“The only child of self-made parents, I enjoyed my childhood in their intimate company, which made me more mature than my age as a child. Ever since I was in school, I have used my ability to lead and influence people to achieve results. I have naturally led teams in various projects and events, organised stress management workshops in my society and efficiently raised disaster relief for various calamities. I campaigned at grassroots level to increase voter turnout in Chandigarh ahead of the 2014 General Elections. My vision is to do some prescriptive research surrounding HR practices, to be people’s own HR, who helps them be a better version of themselves, making them contribute their best to business growth.”
Name an instance where you wanted something and went out of your comfort zone to achieve it OR Tell us the biggest risk you have taken so far in your life.
“While I was pursuing my articleship during Chartered Accountancy, we had a huge pile of tax audits to be cleared within a stringent deadline. With some staff members in the office new to the procedures, my principal entrusted me with the responsibility of ensuring that they are well-trained and of coordinating the timely completion of deliverables. I started with a training session for the whole staff, which was very well received and also appreciated by the bosses. Thereafter, I constantly monitored the team to know their strengths and changed the work strategy to leverage the same. Each team member started working on those areas which they could most effectively and efficiently undertake, and the whole chain of synergies led to timely signing of the reports. Everyday, I would keep a constant check on the status of each client and rigorously follow up with the clients whose responses were awaited. Executed successfully, it was quite a roller-coaster that pushed my limits but at the end, it put my management skills to test and left behind lots of lessons.”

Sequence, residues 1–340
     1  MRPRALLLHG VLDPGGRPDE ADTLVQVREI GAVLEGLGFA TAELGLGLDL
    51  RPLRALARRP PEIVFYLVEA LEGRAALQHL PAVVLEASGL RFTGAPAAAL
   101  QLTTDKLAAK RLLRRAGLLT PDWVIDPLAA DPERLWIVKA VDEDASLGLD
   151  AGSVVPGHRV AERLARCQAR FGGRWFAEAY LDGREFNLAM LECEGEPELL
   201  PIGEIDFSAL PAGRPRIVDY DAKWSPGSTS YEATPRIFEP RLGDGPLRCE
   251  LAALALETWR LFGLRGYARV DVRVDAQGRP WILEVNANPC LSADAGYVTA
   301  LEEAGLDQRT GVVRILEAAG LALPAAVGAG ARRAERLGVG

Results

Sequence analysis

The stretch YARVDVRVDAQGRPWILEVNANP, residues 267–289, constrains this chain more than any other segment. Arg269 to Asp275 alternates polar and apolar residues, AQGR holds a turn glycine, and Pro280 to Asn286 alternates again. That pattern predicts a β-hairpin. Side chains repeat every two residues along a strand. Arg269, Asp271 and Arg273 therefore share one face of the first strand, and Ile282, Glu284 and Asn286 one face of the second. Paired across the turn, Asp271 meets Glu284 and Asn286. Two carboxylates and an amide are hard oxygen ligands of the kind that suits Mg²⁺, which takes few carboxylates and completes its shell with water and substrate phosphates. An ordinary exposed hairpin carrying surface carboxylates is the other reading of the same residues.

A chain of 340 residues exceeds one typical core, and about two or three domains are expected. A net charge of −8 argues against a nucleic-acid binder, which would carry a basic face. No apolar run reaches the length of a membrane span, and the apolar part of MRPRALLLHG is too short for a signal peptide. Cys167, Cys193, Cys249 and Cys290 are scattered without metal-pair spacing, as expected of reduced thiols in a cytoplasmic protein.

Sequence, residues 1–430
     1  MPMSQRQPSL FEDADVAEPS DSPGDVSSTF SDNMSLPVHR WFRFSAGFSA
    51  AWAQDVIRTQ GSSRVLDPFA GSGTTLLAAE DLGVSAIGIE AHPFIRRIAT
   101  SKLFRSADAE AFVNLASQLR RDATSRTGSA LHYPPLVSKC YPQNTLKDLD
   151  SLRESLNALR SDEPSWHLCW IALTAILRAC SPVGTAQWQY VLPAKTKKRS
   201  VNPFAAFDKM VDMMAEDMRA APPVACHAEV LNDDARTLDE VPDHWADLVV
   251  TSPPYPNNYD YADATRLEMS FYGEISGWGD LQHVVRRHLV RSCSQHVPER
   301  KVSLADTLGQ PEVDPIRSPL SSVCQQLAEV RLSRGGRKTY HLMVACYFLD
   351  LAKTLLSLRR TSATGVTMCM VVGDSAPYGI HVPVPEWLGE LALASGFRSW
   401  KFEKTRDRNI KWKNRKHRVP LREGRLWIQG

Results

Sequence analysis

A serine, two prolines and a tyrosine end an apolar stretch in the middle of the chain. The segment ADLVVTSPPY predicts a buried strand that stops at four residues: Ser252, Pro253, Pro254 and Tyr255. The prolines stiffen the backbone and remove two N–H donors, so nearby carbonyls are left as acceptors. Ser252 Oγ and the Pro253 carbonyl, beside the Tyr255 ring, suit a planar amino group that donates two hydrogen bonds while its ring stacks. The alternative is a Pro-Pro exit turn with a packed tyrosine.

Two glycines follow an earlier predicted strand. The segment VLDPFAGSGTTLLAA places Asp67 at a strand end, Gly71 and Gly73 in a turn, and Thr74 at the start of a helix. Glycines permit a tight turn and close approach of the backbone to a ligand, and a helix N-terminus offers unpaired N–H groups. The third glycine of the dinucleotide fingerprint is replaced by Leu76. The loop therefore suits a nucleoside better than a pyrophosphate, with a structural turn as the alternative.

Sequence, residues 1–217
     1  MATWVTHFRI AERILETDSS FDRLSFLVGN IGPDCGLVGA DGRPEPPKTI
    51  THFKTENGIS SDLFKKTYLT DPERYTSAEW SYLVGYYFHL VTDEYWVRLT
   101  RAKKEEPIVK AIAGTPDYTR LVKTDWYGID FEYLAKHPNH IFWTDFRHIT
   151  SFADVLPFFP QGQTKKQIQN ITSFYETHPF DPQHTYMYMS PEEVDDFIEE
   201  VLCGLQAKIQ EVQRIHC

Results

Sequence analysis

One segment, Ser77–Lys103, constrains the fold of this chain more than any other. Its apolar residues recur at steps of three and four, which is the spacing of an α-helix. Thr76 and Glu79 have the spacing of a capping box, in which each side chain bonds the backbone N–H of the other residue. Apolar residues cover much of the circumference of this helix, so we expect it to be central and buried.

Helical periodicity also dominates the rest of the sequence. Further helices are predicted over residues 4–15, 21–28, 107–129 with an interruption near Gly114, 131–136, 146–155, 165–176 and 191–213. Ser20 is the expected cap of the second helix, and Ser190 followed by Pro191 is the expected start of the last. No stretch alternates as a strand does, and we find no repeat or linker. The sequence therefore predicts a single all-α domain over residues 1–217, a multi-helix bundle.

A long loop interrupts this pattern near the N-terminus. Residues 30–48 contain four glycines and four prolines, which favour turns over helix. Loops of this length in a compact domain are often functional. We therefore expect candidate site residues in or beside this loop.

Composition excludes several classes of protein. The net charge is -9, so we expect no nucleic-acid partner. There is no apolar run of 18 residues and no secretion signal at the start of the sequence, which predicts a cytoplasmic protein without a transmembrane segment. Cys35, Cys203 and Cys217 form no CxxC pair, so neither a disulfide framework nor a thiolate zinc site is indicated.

When was the last time someone relied on you? OR What did you do which was purely for someone else - a truly selfless act.